As I noted earlier, I'm not asking you to remove the books from the library, but I do think their place on a list of "good" books ought to be reconsidered. Perhaps if they were removed from the list, you could replace them with award-winning books that provide children with accurate knowledge about American Indians. Given our proximity to the Great Lakes, Louise Erdrich's The Birchbark House and its sequels would be terrific additions to the list.

Debbie Reese
American Indians in Children's Literature

Monday, February 04, 2013

The True Book of Little Eskimos

Have you ever visited the blog, Awful Library Books: Hoarding is not Collection Development? Mary Kelly and Holly Hibner are public librarians in Michigan. Their blog is about weeding.

On January 31, 2013, they loaded The True Book of Little Eskimos. Click on over to Awful Library Books to see some of the pages. The book was published in 1953. Using World Cat, I see that its in 148 libraries. Some of them are university libraries, which is fine, because in those libraries, they're probably being used for research. But some of them are in school and public libraries. Yikes! Remember... the pub year is 1953. That's over 50 years ago. Is it in your library? If it is, weed it today!

Julia Alvarez's RETURN TO SENDER

Yesterday, I started reading Julia Alvarez's Return to Sender. I'm taking a minute this morning to say a couple of things about it before I dash out the door for the morning.

First, here's what Alvarez says about it on her website:

The seed for the novel came when I got involved translating at local schools for the children of Mexican migrant workers who have now made their way up to Vermont. (And boosted our compromised Latino population!) These workers are now doing the milking on many of our dairy farms. Without them, many of our small farmers could not survive, as they, too, are being squeezed by the high cost of farming and a dearth of workers.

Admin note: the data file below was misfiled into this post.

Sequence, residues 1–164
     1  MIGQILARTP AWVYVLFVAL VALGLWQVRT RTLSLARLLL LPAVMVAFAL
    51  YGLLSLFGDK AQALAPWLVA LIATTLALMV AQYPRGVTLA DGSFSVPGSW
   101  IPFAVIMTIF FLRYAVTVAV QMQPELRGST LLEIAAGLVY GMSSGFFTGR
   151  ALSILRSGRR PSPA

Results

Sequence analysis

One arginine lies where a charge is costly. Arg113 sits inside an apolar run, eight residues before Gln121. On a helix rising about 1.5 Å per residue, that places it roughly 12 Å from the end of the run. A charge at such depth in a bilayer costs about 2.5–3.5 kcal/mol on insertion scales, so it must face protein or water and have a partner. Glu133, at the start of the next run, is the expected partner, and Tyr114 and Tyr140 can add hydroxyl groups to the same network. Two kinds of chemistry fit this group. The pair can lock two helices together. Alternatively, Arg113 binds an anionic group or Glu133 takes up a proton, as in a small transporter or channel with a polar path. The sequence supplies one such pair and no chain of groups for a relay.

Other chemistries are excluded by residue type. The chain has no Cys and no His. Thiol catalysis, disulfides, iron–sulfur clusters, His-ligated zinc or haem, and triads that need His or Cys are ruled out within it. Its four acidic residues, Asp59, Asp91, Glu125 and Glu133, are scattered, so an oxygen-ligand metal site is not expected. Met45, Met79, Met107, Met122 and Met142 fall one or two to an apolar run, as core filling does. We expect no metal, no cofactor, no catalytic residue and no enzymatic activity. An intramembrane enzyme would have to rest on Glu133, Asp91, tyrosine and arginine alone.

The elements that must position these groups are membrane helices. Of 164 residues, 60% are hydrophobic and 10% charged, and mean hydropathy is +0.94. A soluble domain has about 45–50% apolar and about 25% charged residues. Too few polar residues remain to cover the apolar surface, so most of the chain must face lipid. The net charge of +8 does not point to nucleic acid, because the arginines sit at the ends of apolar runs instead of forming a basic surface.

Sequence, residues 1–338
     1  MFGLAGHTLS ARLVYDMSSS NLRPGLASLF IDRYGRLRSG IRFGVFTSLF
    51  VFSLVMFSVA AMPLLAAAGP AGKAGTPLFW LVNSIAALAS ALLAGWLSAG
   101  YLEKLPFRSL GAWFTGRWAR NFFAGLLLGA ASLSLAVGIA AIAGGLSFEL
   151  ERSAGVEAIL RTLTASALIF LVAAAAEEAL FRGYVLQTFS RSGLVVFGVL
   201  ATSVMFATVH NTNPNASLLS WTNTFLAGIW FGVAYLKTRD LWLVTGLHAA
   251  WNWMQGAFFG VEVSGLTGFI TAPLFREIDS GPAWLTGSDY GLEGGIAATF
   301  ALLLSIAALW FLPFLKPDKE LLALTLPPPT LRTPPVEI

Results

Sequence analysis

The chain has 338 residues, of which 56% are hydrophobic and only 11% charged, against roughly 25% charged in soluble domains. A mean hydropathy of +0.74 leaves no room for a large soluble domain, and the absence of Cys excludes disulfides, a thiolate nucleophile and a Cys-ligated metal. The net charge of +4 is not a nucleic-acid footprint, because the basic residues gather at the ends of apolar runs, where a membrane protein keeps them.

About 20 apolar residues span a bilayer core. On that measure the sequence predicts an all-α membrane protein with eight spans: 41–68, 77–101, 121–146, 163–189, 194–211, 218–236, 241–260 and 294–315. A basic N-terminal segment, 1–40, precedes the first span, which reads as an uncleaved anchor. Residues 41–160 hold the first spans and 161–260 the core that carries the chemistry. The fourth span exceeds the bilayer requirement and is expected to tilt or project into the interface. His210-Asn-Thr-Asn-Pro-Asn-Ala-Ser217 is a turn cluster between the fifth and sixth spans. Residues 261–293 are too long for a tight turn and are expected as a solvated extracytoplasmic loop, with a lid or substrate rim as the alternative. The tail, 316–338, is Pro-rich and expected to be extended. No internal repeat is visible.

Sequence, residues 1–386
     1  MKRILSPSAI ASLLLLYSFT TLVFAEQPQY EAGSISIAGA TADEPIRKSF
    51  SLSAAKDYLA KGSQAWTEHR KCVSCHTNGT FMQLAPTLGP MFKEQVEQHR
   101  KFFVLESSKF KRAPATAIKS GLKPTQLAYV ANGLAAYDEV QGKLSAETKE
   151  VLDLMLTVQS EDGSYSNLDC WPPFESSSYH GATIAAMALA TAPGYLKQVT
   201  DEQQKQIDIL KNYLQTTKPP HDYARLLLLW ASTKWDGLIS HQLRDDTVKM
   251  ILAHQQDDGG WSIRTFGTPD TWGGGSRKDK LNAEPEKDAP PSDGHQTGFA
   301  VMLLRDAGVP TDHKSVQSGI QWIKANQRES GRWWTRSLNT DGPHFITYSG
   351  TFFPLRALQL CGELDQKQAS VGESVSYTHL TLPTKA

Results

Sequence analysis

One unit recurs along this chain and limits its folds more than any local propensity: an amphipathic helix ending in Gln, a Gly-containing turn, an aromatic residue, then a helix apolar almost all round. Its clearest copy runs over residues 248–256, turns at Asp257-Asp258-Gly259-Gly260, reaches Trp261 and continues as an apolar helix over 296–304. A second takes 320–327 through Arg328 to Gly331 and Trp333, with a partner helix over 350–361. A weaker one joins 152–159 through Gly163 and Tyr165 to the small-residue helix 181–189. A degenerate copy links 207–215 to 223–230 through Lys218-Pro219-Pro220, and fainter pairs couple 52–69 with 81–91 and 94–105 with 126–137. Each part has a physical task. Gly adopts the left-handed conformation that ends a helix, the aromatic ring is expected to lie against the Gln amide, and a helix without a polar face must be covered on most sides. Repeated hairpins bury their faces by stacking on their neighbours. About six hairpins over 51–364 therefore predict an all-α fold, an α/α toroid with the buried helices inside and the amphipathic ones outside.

Seeing how baffled the Mexican children and their classmates were about how to understand this situation that had thrown us all together, I thought: we need a story to understand what is happening to us! The title comes from a dragnet operation that the Department of Homeland Security conducted in 2006, named, Return to Sender. Work places were raided and undocumented workers were seized. Their children were the biggest casualties of this operation -- left behind to be soothed and reassured until they could be finally reunited with their parents.

The boy on the cover is Tyler. His family owns one of the dairy farms that hires Mexican migrant workers. The girl is Mari. I had a lump in my throat as I read about these two young people trying to make sense of the world and each other's world, too. Alvarez has done a terrific job showing all three.

Part of Tyler's world is his life at school. There, one of Tyler's teachers is a woman named Ms. Ramirez. Sprinkled in the first part of the book are references to Mexican culture, and, references to American Indian culture. Tyler has learned about the Trail of Tears. I liked seeing it in Alvarez's book. Tyler's world is enlarged by his teachers.

More later...